This summer, the Amazon rainforest began to burn at a rapid rate that hasn’t been seen before in recent years. How could a place described as the lungs of our planet be destroyed in front of our very eyes? Deforestation isn’t a new issue for the Amazon, it can be down to naturally occurring fires but the majority are thought to have been started illegally by ranchers and loggers. Burning down acres of land allows ranchers to create grazing ground for their cattle which in turn destroys the habitat of thousands of species of animals that call the Amazon their home. This threat extends to the Indigenous people who live in and around the rainforest as their protected land is targeted and they are forced to flee.
There has been a lot of speculation in the media about who exactly is to blame for the increased deforestation rates in the Amazon. Donald Trump is thought to be a key player in the disaster as his trade war with China has left Brazil grappling to support the Chinese agricultural demands. Although, the main problem seems to lie in Brazil’s domestic policies.
It’s hard to discuss the issues surrounding the Amazon rainforest fire without mentioning Brazil’s current president, Jair Bolsonaro. Spoiler Alert: He is not one of the good guys. Bolsonaro is the leader of the Social Liberal Party, as its name suggests it was once firmly rooted in left-wing politics. However, in a bizarre turn of events, Bolsonaro has led the party to abandon its liberal policies. Like its leader, the party now advocates for hard-line stances on abortion, gay marriage and women’s rights.
Bolsonaro himself put the blame on local Non-Governmental Organisations. He believes the very people who are there to protect the environment deliberately started the fires as they had been denied funding. Of course, this seems rather unlikely and there is absolutely no evidence to back up his claim.
The Martyr of the Amazon
Pictured above is Sister Dorothy Stang. (Photo: Carlos Silva/AVP)
For many people living in Brazil, speaking up about what is happening in the Amazon is a matter of life or death. When I was researching for this blog post, I came across the story of Sister Dorothy Stang. She was an American nun who had been living in Brazil and was known for helping locals who had been displaced by ranchers. She taught sustainable farming methods and was an advocate for the protection of the rainforest. Her work to protect it, and the communities who lived there, angered ranchers. She was placed on a hit list and at the age of 73, on the 12th of February 2005, Dorothy was shot and killed.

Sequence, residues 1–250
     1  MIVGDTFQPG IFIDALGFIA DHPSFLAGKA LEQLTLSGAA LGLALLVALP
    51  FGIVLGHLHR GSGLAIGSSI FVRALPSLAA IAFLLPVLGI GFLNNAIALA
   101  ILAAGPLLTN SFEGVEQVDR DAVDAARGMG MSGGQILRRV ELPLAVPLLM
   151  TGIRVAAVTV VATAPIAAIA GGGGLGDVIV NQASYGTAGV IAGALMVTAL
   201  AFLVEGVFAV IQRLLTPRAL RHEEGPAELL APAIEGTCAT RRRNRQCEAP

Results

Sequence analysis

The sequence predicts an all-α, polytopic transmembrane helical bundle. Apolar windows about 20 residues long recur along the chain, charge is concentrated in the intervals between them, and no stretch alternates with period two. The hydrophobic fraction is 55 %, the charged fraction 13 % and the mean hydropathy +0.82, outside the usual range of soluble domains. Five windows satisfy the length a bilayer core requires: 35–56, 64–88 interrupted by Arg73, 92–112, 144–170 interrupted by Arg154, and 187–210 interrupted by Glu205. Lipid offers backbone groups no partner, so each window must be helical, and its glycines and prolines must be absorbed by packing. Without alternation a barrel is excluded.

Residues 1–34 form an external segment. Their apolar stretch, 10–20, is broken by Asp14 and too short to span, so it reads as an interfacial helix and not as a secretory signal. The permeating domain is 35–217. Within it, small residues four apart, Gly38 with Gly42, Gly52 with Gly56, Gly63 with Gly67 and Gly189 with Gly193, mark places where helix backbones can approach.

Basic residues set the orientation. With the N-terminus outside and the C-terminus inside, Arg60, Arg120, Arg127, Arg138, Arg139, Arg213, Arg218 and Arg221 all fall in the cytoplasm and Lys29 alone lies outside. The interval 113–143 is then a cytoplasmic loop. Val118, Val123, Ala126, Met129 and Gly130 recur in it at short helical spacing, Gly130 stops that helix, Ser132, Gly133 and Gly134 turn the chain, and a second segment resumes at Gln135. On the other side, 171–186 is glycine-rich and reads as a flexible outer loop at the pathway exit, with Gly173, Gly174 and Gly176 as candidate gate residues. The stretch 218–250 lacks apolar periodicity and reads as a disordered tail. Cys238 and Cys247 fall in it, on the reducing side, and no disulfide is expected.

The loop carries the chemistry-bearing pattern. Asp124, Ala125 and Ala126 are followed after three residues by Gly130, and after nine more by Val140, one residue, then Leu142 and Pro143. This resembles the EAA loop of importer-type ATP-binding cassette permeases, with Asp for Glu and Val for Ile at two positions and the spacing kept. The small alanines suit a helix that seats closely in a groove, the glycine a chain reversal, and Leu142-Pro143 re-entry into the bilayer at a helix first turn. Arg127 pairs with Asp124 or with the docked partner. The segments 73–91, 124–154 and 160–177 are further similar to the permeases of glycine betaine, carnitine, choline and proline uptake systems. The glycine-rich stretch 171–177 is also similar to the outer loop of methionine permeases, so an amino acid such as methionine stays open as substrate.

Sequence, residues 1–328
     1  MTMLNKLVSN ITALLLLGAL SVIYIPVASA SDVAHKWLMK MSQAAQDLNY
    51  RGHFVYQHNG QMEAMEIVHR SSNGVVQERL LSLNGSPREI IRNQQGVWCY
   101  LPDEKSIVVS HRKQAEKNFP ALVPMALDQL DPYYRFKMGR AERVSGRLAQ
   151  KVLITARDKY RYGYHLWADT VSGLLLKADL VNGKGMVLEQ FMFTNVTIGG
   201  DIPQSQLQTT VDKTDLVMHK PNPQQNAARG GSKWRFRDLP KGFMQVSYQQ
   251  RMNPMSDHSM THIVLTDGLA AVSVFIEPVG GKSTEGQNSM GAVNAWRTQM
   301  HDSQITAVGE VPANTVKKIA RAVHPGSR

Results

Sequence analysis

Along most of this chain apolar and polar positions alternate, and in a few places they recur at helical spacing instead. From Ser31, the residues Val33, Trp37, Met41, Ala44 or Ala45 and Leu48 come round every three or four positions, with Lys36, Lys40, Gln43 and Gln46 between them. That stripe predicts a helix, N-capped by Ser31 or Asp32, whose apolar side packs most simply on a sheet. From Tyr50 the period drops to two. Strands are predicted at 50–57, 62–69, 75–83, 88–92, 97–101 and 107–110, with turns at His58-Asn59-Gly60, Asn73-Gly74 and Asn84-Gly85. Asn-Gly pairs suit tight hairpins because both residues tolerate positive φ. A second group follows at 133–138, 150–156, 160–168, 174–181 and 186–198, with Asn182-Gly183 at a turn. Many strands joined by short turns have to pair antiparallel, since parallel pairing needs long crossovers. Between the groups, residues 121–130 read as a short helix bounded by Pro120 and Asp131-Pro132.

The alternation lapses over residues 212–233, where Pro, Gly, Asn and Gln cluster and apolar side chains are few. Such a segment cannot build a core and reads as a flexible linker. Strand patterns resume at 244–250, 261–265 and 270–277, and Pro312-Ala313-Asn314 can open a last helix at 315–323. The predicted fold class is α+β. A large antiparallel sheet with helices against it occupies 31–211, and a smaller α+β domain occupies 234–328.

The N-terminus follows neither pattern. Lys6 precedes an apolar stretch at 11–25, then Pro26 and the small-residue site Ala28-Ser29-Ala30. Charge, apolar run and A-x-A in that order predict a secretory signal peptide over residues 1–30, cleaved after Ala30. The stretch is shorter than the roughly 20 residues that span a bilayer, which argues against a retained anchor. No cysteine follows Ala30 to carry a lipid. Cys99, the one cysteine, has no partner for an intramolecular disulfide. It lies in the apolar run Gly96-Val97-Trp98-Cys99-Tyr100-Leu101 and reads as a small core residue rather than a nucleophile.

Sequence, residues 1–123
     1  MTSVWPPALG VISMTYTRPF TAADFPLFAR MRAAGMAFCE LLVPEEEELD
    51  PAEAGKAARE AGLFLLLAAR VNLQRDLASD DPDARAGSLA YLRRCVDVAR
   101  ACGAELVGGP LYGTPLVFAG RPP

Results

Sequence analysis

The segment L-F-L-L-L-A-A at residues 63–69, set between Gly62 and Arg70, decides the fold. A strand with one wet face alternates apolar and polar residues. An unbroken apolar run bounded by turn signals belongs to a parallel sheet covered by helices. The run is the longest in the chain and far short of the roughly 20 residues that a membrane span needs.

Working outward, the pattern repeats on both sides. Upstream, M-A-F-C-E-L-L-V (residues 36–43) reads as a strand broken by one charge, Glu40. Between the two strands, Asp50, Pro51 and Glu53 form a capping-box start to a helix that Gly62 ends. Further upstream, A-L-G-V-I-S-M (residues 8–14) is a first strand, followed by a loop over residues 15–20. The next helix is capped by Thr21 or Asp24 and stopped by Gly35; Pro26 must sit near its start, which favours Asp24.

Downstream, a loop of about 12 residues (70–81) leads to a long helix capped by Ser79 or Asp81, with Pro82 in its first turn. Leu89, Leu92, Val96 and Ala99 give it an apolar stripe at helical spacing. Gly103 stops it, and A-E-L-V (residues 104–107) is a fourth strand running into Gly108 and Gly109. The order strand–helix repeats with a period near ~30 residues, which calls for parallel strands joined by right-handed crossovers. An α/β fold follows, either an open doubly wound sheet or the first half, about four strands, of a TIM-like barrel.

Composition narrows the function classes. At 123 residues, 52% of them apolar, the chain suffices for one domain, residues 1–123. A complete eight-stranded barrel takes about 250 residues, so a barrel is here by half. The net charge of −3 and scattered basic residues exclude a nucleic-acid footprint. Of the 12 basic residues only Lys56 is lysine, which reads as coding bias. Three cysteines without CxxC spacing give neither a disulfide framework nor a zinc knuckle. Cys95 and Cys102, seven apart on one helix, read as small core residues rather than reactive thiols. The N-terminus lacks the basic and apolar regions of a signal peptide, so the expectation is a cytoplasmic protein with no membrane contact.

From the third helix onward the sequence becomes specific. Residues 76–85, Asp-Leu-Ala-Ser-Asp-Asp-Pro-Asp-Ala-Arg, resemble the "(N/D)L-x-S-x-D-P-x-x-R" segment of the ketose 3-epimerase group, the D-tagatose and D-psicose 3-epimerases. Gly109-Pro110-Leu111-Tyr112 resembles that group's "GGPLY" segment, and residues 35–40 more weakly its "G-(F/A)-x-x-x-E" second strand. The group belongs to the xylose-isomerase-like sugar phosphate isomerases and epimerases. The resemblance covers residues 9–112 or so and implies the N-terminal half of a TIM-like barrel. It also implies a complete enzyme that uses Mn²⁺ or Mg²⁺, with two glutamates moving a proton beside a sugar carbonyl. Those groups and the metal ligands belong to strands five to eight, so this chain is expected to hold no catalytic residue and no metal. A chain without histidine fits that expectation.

Celebrities Speak Out
At first, there was a distinct lack of media attention across the world as the fires increased. Actress, Zoe Kravitz, shared a popular post (pictured above) that went viral during the crisis. It compares the lack of media coverage to the Notre Dame fire, which in comparison was covered extensively. With the Notre Dame fire, there was a degree of shock value as a historical building was damaged. Perhaps because the destruction of the rainforest is harder to measure, the media tend to focus on stories that more readily capture the public’s attention.
As the situation worsened, celebrities and public figures began to show their support by sharing posts highlighting the disaster. Many celebrities are beginning to get involved more actively in politics, especially in matters such as climate change. Celebrity support cannot be underestimated as it can act as a spotlight on events, focuses media attention on an issue and creates pressure for politicians to take action.
What can we do?
In the face of the current political landscape, it can feel pretty helpless watching events unfold halfway across the world. However, there are small steps we can take that make all the difference in the fight against climate change.
- Share it
If you feel passionate about a particular issue sharing it online can keep it in the public sphere. Even talking about it with your family and friends can help keep the conversation alive even when then the news cycle moves on to the next story.
2. Reduce your consumption of meat and dairy
The increased demand for meat and dairy in recent years has caused the clearing of the Amazon to make room for fields to feed live-stock. If we as a society cut back our intake of animal products it would make a huge difference in the battle against climate change.
3. Support politicians that care about the environment
Climate change isn’t just happening around the world; it’s happening at home too. The worst thing we could do is support politicians who don’t even believe it exists.
Sarah Sweeney is a final year student Bsc Communication Management and Public Relations student at Ulster University. She can be found on LinkedIn https://www.linkedin.com/in/sarah-sweeney-ab6635143/ and Instagram @sarahsween3y